view of tracks on garden railway
The author used telephone poles as an electric fence to repell the raccoons. It worked, but only for a few days. Photo by Neptali Martinez

To make the wire part of the railway scenery, I built telephone poles with plastic insulators for the wire.

For a couple of days, I did not find any raccoon droppings in that area. On the third day, when I was getting ready to celebrate victory, I found that the raccoons had moved to a nearby area where there was no wire and took care of their business there instead.

A “Fantastik” solution

To get rid of the smell from the raccoon droppings, I had bought a spray bottle of Fantastik all-purpose cleaner, and after using it for a couple of times on the tracks, I noticed that the trains were running much smoother over that portion of the track. The light bulb went on. The Fantastik had dissolved the gunk that coated the top of the rails!

I also began to realize that the raccoons were not doing their business in the spots that I had cleaned with the spray. The light bulb went on again. It seemed that raccoons don’t like the smell of Fantastik!

track cleaning pole with pad attached on end
Saturate the pad with cleaner, clean the tracks, and start running trains! Photo by Neptali Martinez

Now I clean the track by walking around with a pad at the end of a pole, soaked with Fantastik, using a back-and-forth motion over the tracks, spraying the pad as needed.

Note: It is worth clarifying that the tracks still have the dark patina that forms naturally on brass. The cleaner does not remove that patina, it just dissolves the gunk, which is absorbed by the rag on the pad. I don’t need shiny tracks to ensure good connectivity, just gunk-free tracks.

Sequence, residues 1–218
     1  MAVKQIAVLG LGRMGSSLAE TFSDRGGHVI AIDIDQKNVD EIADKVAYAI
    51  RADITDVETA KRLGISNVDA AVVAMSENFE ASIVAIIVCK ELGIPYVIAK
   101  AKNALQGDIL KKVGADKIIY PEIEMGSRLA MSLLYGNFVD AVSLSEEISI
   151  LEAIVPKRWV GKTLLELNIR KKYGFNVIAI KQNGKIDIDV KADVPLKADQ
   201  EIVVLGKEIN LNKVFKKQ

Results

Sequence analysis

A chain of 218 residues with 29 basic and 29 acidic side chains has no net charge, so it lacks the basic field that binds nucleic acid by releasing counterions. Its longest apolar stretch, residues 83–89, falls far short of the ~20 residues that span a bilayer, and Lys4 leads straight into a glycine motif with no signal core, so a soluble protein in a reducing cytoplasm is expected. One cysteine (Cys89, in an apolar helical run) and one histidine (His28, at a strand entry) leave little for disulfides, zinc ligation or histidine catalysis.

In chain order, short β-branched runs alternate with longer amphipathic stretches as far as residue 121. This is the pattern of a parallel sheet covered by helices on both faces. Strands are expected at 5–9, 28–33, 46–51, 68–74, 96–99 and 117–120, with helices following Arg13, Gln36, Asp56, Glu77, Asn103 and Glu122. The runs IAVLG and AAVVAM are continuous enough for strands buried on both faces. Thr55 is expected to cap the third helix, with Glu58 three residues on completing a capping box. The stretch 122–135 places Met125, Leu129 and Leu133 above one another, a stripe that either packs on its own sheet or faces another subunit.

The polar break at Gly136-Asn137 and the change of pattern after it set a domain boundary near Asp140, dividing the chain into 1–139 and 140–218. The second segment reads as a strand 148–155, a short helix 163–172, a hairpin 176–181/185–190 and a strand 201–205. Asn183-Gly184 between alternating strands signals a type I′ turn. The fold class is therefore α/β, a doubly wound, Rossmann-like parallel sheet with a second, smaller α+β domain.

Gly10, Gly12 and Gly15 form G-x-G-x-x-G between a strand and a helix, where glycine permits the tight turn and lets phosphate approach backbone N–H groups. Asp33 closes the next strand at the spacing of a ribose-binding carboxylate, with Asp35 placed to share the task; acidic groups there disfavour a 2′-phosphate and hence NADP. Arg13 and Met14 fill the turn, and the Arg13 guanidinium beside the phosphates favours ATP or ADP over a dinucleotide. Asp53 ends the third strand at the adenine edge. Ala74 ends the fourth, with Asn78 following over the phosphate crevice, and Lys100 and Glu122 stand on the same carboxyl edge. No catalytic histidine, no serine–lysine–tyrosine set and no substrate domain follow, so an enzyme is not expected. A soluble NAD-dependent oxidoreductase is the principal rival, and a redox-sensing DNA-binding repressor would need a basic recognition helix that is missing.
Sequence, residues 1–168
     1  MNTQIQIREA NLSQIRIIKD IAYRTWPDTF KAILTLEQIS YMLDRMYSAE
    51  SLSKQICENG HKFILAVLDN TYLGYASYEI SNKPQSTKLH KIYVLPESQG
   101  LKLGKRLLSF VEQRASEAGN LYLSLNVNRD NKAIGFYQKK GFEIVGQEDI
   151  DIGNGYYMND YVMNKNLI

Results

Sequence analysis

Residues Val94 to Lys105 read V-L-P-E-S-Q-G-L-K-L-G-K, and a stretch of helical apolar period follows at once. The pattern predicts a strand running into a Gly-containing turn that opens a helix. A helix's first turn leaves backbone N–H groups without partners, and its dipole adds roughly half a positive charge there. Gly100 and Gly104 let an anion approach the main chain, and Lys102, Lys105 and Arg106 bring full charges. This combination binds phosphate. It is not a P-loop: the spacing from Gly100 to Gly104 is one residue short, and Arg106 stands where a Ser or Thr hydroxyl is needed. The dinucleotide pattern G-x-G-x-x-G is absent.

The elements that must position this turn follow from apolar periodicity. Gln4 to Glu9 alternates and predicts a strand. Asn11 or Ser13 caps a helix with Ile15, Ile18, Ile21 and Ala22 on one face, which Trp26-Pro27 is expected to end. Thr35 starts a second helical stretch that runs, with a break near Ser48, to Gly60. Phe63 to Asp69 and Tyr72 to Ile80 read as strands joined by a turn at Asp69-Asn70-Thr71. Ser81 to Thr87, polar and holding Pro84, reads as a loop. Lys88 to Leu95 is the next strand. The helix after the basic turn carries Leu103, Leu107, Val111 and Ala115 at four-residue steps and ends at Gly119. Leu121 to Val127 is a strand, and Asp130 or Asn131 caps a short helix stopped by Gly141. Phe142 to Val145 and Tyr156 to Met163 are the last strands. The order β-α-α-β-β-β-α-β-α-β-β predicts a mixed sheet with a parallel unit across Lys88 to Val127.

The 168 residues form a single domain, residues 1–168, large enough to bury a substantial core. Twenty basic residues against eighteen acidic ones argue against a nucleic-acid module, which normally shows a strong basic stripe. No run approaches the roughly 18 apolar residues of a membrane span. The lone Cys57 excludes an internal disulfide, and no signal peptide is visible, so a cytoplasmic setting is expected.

Also, for the article, I re-installed the poles, wire, and power source on the tracks for the photos. With the success of the cleaner as raccoon repellent, I don’t need the wire on the railway anymore.

I’m happy to report that there no more raccoon droppings, and no more hesitant or stopped trains.

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Meet Neptali Martinez

Durable roadbed for garden railroads

One thought on “An easy way to clean track and repel critters

  1. Glad you found a solution to both problems. I found that a Swiffer (the one with a cleaner in the pads) over the rails once will do just what you found.Tarnish still there but the gunk is gone. I had racoon issues this summer also. They find a spot they like and use it as a latrine. Mine was in a dry “river bed” and not on the tracks. I doused the area with bleach. If it rained I reapplied. No more latrine. I guess they just don’t like smells when they do their business.